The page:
• “2 October is not forgotten”: Tlatelolco 1968 massacre and social memory frameworks

      Carpenter, Victoria (Peter Lang, 2019-05-17)
      The massacre of a student demonstration in La Plaza de las Tres Culturas, in the Tlatelolco district of Mexico City, on 2 October 1968, has been the subject of many debates, studies and literary works, whose aim is to keep the event alive in the collective memory and to tell ‘the truth’ about what happened that night. But is this aim achieved by any Tlatelolco discourse? Probably not. Nor, as I argue, is it necessary. What, then, is the function of the Tlatelolco discourses? Is it a matter of the state and popular discourses being at loggerheads in their respective claims to accuracy and ‘truth’? Or is it something else, led not by the search for truth, but by the need for emotional reconciliation? This essay is an in-depth case study of the narratives of the massacre from the perspective of the theory of posthegemony and Maurice Halbwachs’ studies of social memory frameworks. By focusing in such detail on the way the massacre is represented in the contemporary media, the essay determines how memory builds on narratives that emerge in the response to political violence in the modern media society. The most successful narratives are built on the emotions released immediately when the affect wave ‘crests’, so that those emotions are the strongest and the most relevant to the moment of affect and change of habit.
    • A bridge between worlds: parallel universes and the observer in “The Celestial Plot” by Adolfo Bioy Casares

      Carpenter, Victoria; Halpern, Paul; University of Bedfordshire; University of the Sciences, Philadelphia (Brill Academic Publishers, 2019-09-24)
      Adolfo Bioy Casares’s story “The Celestial Plot” (1948) is among the best known examples of Latin American science fiction writing of the early twentieth century inspired by contemporary advances in quantum physics. Most readings of the story focus on the movements of its main protagonist, Captain Ireneo Morris, as he traverses realities while test-flying a plane. This approach overlooks the role of the story’s other protagonist, Dr. Carlos Servian, who, we argue, is the lynchpin upon which the multiple realities are dependent. We read the changes to Dr. Servian’s character from a variety of scientific and philosophical perspectives on parallel universes. By addressing variations in Servian’s character and language, and focusing on the disparate representations of the key objects in the story, we show how the story anticipates in some ways the Many Worlds notion which argues that reality bifurcates during quantum measurements, leading to near-identical copies of observers.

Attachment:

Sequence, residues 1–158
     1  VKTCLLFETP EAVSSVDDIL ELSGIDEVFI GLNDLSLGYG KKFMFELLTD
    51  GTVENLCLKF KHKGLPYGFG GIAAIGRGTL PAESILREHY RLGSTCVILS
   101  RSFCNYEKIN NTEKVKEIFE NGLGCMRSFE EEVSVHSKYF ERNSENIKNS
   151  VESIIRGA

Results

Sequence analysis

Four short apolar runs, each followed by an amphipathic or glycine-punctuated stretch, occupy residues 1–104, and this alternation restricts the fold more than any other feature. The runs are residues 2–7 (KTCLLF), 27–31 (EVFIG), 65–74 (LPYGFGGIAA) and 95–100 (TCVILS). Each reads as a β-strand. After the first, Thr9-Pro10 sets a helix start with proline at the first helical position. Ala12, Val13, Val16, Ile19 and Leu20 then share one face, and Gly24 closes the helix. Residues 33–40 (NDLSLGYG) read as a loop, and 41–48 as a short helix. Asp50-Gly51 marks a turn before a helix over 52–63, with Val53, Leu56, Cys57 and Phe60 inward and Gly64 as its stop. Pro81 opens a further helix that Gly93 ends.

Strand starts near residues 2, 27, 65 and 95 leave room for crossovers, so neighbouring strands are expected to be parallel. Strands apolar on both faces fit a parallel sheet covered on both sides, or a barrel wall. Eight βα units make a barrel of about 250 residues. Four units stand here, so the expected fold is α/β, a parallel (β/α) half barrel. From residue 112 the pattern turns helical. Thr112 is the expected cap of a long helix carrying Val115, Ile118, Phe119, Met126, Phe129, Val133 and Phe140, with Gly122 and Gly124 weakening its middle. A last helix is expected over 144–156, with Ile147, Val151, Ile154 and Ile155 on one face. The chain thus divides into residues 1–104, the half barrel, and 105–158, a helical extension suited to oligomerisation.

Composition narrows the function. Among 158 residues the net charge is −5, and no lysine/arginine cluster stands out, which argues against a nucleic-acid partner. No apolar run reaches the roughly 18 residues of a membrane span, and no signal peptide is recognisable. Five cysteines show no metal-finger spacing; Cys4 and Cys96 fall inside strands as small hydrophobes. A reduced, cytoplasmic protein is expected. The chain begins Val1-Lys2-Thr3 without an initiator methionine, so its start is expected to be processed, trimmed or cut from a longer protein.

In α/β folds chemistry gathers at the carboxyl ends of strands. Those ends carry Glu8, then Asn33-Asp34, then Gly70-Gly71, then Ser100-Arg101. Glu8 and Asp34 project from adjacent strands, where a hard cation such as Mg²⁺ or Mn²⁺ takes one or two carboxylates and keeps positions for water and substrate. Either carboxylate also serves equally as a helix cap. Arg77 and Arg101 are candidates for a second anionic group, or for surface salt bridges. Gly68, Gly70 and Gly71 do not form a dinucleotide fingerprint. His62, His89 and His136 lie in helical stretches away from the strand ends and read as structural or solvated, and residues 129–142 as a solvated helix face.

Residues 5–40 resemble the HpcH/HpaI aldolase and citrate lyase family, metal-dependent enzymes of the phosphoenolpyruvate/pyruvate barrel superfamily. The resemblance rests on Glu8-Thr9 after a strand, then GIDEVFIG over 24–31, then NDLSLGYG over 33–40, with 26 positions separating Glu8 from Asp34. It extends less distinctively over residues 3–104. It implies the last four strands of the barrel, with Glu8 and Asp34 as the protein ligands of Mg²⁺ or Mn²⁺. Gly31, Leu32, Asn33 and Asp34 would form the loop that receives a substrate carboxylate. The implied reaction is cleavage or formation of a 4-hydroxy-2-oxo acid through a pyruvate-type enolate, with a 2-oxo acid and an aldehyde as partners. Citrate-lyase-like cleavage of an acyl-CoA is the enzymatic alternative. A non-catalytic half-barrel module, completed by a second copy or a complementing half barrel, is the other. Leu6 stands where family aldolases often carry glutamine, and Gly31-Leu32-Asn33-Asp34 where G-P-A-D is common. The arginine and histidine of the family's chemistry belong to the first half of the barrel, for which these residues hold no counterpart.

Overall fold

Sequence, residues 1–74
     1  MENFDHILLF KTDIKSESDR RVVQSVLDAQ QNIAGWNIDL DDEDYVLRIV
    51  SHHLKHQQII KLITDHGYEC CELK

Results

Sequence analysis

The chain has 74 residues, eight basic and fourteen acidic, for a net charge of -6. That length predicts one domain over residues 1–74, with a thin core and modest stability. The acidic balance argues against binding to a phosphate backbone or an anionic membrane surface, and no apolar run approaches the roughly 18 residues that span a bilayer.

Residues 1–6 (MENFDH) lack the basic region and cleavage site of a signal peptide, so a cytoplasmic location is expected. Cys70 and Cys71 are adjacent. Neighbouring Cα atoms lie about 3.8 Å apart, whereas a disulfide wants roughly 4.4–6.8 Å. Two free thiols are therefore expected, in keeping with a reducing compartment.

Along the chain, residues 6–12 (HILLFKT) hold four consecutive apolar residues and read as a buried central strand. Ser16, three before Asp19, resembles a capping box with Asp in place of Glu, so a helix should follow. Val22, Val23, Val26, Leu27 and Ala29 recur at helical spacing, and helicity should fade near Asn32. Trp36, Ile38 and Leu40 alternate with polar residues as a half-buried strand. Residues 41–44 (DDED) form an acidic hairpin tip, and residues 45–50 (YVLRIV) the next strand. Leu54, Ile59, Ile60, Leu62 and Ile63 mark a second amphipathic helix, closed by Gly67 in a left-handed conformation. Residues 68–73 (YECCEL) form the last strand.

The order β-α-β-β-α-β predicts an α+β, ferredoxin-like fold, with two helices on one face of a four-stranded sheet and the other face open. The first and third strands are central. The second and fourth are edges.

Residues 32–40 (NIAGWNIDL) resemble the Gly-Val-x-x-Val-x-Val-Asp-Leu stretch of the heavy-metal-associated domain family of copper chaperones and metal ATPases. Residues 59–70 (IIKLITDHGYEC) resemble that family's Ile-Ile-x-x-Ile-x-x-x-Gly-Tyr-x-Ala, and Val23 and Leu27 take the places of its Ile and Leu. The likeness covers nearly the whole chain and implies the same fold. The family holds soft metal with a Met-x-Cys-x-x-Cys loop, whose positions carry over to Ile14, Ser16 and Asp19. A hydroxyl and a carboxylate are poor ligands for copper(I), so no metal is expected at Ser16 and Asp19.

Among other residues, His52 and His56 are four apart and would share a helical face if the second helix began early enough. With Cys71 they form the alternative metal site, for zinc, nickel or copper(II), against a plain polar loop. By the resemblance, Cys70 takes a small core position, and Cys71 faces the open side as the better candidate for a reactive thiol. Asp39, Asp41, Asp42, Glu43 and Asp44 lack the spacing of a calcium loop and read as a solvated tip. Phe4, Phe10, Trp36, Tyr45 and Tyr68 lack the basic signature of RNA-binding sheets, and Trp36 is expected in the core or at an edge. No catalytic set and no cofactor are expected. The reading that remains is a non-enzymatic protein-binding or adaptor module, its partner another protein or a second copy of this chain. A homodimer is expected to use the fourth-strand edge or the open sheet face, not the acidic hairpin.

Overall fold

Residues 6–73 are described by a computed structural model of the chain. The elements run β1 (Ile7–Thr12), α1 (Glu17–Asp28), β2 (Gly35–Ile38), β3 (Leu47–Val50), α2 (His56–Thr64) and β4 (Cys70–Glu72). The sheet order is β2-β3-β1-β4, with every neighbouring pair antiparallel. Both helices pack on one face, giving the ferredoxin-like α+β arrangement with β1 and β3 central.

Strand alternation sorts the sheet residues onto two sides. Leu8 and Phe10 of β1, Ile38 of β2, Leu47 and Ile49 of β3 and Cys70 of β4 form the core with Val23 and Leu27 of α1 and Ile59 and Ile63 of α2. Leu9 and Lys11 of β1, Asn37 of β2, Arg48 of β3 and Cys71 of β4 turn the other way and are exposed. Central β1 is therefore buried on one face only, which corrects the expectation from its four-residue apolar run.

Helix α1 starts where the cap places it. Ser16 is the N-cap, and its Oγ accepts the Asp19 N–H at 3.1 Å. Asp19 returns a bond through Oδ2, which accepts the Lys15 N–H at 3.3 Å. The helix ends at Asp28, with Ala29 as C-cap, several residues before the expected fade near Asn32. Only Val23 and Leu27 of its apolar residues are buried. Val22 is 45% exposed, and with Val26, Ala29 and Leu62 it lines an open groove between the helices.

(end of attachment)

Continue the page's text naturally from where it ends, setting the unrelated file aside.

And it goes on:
• The Tlatelolco Massacre, Mexico 1968, and the emotional triangle of anger, grief and shame: discourses of truth(s)

      Carpenter, Victoria (University of Wales Press, 2018-08-01)
      In the aftermath of major violent events that affect many, we seek to know the ‘truth’ of what happened. Whatever ‘truth’ emerges relies heavily on the extent to which any text about a given event can stir our emotions – whether such texts are official sources or the ‘voice of the people’, we are more inclined to believe them if their words make us feel angry, sad or ashamed. If they fail to stir emotion, however, we will often discount them even when the reported information is the same. Victoria Carpenter analyses texts by the Mexican government, media and populace published after the Tlatelolco massacre of 2 October 1968, demonstrating that there is no strict division between their accounts of what happened and that, in fact, different sides in the conflict used similar and sometimes the same images and language to rouse emotions in the reader.
    • ‘Y el olor de la sangre manchaba el aire’: Tlatelolco 1521 and 1968 in José Emilio Pacheco’s ‘Lectura de los “Cantares Mexicanos”’

      Carpenter, Victoria; (Liverpool University Press, 2018-04-01)
      When Octavio Paz compared the Tlatelolco 1968 massacre to the conquest of the Aztec empire he created a foundation (and indeed, at times, the inspiration) for the view of the massacre as a symbol of a long-lasting internal conflict. This paper explores how the Tlatelolco 1968 poetry reflects (or appropriates) the 1521 texts. Are these texts used as extra metaphors of what happened in La Plaza de las Tres Culturas on 2 October, as links to the square’s infamous past, or is there a more enduring reason for the retelling of the story of the fall of Tenochtitlán? To answer these questions, I will examine four versions of José Emilio Pacheco’s poem ‘Lectura de los “Cantares Mexicanos”: Manuscrito de Tlatelolco (octubre 1968)’. The reading will be informed by the theory of habit (Bourdieu) and collective remembering and forgetting (Halbwachs and Bartlett).
    • ‘You want the truth? you can't handle the truth’: poetic representations of the 1968 Tlatelolco massacre

      Carpenter, Victoria; York St John University (Taylor and Francis, 2015-07-03)
      The 1968 massacre of students demonstrating in La Plaza de las Tres Culturas, in the Tlatelolco district of Mexico City, has been the subject of a corpus known as la literatura de Tlatelolco, whose aim is to keep the event alive in the collective memory and to provide a true account of the massacre. This article explores poetic representations of the massacre, and seeks to establish whether ‘the truth’ about the massacre is necessary to preserve the event in the collective memory.